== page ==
If any country needs resilience, it is surely Japan, where, following the disasters of Fukushima in 2011 and Kumamoto in 2016, seismologists predict (with 70 percent probability) a Nankai Trough earthquake of an 8 or 9 level magnitude sometime in the next thirty years.
Following Fukushima, reactors have been reinforced, but only to withstand a direct sub-ground magnitude 6.5 quake. To make matters worse, seismologists reckon that Mount Fuji, a dormant volcano since 1707, could blow again at any time.
Despite the Abe government’s attempts to spin the “Three Arrows” programs and its “resilience” national mobilization slogan as something new, they largely follow the “construction state” (doken kokka) model of earlier governments, most famously that of Tanaka Kakuei, known for boondoggled, debt-financed, grandiose civil engineering projects and public works.
Like older programs, the new “resilience” regime still attaches priority to maximizing GDP growth and redistributing wealth through the circuits of conservative Liberal Democratic Party rule. Social need and environmental consequences remain secondary.
Its arrows carry no prescription for healing the social malaise of a country shedding three hundred thousand people per year and suffering chronic aging and childlessness. Some critics even refer to the Abe brand of economics as “idiotics” (“aho-nomics”) rather than “Abenomics”.
Typically, huge infrastructure projects are chosen as examples of “resilient” programs: the resumption of nuclear power generation on a large scale (including the ambition to embrace the entire nuclear cycle), the so-called Linear (or “maglev”) shinkansen rail, the New Tomei Expressway, and the Great Tohoku Seawall.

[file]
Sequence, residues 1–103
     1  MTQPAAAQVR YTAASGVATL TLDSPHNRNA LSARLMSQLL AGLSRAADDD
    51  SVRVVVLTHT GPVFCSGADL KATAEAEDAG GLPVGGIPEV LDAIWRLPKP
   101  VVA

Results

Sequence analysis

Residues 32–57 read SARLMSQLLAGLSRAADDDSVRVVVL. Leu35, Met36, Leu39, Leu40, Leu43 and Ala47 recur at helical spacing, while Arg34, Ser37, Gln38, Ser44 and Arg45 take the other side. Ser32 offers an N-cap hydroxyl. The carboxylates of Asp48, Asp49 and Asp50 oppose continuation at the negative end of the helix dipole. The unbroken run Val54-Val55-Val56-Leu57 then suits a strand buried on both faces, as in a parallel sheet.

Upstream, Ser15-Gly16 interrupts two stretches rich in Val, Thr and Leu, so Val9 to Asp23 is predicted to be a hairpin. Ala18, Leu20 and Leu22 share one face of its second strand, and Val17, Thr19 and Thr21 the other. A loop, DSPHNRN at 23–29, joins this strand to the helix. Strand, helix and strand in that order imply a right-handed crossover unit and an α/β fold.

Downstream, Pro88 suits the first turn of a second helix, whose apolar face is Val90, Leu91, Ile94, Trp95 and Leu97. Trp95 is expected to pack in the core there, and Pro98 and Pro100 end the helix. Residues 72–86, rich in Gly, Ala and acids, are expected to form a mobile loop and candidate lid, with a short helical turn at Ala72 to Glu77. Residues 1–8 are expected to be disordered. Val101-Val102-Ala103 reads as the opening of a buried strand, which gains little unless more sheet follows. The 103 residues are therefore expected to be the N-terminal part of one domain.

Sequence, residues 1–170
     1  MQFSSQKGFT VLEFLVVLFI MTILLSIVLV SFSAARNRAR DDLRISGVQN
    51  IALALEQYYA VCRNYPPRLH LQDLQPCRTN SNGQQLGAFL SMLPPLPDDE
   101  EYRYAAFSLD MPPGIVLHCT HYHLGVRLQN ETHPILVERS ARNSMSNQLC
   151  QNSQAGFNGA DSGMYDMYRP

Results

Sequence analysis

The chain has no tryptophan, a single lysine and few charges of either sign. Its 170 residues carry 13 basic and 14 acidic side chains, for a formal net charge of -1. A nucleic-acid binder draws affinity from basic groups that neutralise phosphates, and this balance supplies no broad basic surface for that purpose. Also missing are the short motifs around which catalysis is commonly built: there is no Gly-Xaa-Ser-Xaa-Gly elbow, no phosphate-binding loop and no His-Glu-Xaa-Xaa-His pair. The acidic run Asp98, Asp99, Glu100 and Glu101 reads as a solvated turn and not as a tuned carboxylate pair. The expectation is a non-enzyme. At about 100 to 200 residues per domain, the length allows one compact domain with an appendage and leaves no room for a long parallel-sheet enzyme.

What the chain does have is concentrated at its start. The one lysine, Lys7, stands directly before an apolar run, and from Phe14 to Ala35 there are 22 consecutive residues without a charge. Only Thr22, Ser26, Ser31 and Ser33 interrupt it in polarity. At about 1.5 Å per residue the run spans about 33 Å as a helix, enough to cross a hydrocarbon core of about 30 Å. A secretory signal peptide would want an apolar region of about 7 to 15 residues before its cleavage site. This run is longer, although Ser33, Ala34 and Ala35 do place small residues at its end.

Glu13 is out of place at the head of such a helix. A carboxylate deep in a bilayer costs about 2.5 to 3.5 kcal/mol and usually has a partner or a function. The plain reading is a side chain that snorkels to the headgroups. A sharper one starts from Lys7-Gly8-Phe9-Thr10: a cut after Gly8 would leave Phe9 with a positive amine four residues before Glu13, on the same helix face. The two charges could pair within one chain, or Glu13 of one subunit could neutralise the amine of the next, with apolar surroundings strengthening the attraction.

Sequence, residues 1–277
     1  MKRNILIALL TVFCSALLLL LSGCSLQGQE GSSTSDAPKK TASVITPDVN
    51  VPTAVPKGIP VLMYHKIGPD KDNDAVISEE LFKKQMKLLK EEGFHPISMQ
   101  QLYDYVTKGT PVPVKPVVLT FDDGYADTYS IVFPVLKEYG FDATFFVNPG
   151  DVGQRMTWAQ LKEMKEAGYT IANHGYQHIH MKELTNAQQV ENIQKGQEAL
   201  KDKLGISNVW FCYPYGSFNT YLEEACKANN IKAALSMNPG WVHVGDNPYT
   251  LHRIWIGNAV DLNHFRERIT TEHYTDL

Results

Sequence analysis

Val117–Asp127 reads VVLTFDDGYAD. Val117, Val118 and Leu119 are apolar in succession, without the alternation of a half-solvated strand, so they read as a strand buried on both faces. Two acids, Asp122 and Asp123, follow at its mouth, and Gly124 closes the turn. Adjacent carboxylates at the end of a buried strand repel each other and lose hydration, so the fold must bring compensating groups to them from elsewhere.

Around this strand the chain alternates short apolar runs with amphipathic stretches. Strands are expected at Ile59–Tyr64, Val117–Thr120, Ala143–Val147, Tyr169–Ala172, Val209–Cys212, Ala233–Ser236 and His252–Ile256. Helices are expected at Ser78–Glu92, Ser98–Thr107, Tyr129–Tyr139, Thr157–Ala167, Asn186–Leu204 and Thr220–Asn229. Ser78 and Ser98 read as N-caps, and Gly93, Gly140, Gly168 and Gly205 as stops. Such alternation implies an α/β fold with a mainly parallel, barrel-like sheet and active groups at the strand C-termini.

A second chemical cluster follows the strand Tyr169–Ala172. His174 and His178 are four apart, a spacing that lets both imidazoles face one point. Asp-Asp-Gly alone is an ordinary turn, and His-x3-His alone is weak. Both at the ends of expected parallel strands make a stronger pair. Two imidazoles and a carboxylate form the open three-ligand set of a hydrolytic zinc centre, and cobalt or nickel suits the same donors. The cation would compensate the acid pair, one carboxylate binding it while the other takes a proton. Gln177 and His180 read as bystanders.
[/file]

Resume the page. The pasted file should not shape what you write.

The first of these projects (on which work commenced in 2014) is a superconducting, magnetic levitation transport system, estimated to cost around nine trillion yen and planned to cut the journey time from Tokyo to Nagoya and Osaka to forty minutes and one hour respectively, scheduled to open services to Nagoya in 2027 and to Osaka by 2045.
86 percent (246 kilometers) of the 286-kilometer Tokyo-Nagoya section is to be below ground, the “trains” hurtling through tunnels under the Japan Alps at speeds up to five hundred kilometers per hour and at a maximum depth of a staggering 1,400 meters.
The second project, a new Tokyo-Nagoya expressway running about ten kilometers inland from the existing one, costing around seven trillion yen ($70 billion), partially opened in 2012 and is due for completion in 2020.
The seawall (the third project) is to stretch for four hundred kilometers along the coasts of Iwate, Miyagi, and Fukushima, basically severing sea from land. It will be roughly ten meters high, forty meters wide at its base, and cost a trillion yen to construct.